It comes at a time when China has significantly stepped up military activity near Taiwan and as U.S.-China relations have plunged to the lowest point in decades as the U.S. election nears. President Donald Trump and his Democratic challenger, Joe Biden, have both sought to appear tough in their approach to Beijing.

Speaking on Wednesday, the U.S. national security adviser, Robert O’Brien, warned against any attempt to retake Taiwan by force, saying amphibious landings were notoriously difficult and there was a lot of ambiguity about how the United States would respond.

The United States is required by law to provide Taiwan with the means to defend itself, but it has not made clear whether it would intervene militarily in the event of a

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Exclusive: White House asks Congress to approve three arms sales to Taiwan – sources

A general view of the White House in Washington, U.S., October 7, 2020. REUTERS/Leah Millis TPX IMAGES OF THE DAY

WASHINGTON (Reuters) – The White House is moving forward with three sales of advanced weaponry to Taiwan, sending in recent days a notification of the deals to Congress for approval, two sources familiar with the situation said on Monday.

In September, Reuters reported that as many as seven major weapons systems were making their way through the export process as the Trump administration ramps up pressure on China.

Leaders of the Senate Foreign Relations and House of Representatives Foreign Affairs committees were notified that three of the planned weapons sales had been approved by the U.S. State Department which oversees Foreign Military Sales, the sources said.

A State Department spokesman said: “As a matter of policy, the United States does not confirm or comment on proposed defense sales or transfers until they are formally notified to Congress.”

There was no immediate comment from Taiwan’s representative office in Washington.

The sales notified to Congress were for a truck-based rocket launcher made by Lockheed Martin called a High Mobility Artillery Rocket System (HIMARS), long range air-to-ground missiles made by Boeing Co called SLAM-ER, and external sensor pods for F-16 jets that allow the real-time transmission of imagery and data from the aircraft back to ground stations.

Reporting by David Brunnstrom, Patricia Zengerle and Mike Stone in Washington; Editing by Franklin Paul and Matthew Lewis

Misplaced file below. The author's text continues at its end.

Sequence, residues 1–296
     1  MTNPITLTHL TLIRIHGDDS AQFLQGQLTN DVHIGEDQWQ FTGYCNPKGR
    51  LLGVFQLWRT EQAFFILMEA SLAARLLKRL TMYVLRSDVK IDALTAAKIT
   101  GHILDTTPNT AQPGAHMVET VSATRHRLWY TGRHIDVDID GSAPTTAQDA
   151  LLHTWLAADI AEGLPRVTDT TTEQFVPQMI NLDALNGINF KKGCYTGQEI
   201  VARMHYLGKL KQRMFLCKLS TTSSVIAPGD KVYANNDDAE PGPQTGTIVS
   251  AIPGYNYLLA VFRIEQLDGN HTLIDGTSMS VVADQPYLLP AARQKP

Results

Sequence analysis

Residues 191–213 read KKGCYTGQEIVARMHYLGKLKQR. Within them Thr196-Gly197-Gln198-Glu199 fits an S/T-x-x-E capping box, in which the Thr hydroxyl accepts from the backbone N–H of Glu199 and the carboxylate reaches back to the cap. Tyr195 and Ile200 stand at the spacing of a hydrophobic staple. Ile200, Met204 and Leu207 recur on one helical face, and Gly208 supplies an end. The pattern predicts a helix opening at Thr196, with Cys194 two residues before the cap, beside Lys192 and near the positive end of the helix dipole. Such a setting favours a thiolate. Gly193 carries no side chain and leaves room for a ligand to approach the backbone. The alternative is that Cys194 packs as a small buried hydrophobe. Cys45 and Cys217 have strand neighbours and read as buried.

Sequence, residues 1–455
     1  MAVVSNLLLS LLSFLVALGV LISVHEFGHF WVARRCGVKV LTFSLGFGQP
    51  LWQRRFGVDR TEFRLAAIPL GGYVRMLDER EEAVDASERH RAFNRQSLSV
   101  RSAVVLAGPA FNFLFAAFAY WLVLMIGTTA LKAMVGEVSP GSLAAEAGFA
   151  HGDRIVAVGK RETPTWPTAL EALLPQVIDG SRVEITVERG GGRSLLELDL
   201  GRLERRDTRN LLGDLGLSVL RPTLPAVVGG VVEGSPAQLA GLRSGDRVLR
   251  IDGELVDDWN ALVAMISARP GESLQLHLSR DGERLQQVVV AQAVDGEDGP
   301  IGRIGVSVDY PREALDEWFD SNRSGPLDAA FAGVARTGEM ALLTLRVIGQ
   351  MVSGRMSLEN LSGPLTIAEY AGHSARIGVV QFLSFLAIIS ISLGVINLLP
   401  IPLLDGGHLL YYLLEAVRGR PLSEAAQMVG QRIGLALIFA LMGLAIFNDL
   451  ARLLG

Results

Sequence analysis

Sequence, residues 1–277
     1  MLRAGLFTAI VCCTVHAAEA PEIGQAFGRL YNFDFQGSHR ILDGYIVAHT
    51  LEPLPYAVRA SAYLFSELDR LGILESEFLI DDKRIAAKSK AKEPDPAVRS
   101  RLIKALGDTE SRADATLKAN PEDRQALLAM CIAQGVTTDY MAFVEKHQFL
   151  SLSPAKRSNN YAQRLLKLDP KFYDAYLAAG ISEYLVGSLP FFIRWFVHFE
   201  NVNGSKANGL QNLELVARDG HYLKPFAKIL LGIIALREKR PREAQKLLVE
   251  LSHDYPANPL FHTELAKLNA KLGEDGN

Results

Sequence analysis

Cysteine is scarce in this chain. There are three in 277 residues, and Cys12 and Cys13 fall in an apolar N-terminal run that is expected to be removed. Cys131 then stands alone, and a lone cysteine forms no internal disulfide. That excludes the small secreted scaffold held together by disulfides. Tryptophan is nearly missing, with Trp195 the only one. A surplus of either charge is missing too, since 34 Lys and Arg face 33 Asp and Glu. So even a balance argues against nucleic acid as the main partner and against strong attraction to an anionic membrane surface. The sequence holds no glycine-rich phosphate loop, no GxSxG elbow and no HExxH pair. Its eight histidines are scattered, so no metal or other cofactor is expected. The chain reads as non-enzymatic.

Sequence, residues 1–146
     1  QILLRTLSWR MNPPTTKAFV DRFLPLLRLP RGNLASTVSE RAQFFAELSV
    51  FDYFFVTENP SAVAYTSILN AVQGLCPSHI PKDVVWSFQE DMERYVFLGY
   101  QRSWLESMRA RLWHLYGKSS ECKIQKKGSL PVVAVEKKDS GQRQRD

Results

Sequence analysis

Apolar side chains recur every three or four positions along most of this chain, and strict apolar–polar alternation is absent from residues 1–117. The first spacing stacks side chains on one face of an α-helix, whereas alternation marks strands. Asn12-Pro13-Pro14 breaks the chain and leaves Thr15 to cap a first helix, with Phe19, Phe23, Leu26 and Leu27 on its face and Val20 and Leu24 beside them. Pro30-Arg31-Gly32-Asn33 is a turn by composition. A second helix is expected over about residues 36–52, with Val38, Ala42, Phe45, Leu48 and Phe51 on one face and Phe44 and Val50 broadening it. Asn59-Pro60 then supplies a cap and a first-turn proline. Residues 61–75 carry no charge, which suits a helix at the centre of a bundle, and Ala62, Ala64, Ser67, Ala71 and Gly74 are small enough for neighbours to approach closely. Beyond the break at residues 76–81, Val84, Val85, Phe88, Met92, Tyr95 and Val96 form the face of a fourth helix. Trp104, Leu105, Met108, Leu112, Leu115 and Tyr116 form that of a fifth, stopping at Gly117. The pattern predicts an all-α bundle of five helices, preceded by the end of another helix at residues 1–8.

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House Committee Says State Dept. Tried to Hide Civilian Casualties in Arms Sales Report

The House foreign affairs committee released documents that its chairman said shows the State Department tried to “hide the truth” from Congress on the 2019 emergency declaration to seal more than $8 billion in arms sales to Gulf countries.



Joe Wilson, Eliot Engel are posing for a picture: Representative Eliot Engel (D-NY) speaks about a trip to Israel and Auschwitz-Birkenau as part of a bipartisan delegation from the House of Representatives on January 28 in Washington, DC. Engel released documents yesterday showing the State Department’s attempt to hide facts in the arms sales report into the 2019 sale of military equipment to three Gulf states


© Samuel Corum/Getty Images
Representative Eliot Engel (D-NY) speaks about a trip to Israel and Auschwitz-Birkenau as part of a bipartisan delegation from the House of Representatives on January 28 in Washington, DC. Engel released documents yesterday showing the State Department’s attempt to hide facts in the arms sales report into the 2019 sale of military equipment to three Gulf states

In a release, Rep. Eliot Engel (D-NY), chairman of the House panel, criticized Assistant Secretary of State for Political-Military Affairs R. Clarke Cooper, who is due to appear before the committee on Wednesday.

Cooper recommended in a July 10 memo to the department’s Office of the Inspector General (OIG) that it “consider removing” from its inspection report an annex on civilian casualties to “resolve significant factual errors” which “may take time.”

Doing so would “allow that Report to be finalized, briefed to Congress, and released to the public,” Cooper wrote to Sandra Lewis, assistant inspector general for inspections at the OIG.

“The records we received today show just how hard the State Department wanted to hide the truth about last year’s phony emergency declaration,” Engel said in a statement.

“The picture is starting to come into focus: a top priority at Mike Pompeo’s State Department was to go around Congress to sell weapons, and his senior aides worked hard after the fact to obscure their indifference to civilian casualties.”

The documents also show that Cooper and State’s Deputy Legal Adviser Joshua Dorosin requested the OIG redact parts of the report on the grounds of “potential executive privilege concerns,” which the foreign affairs committee called “vague.”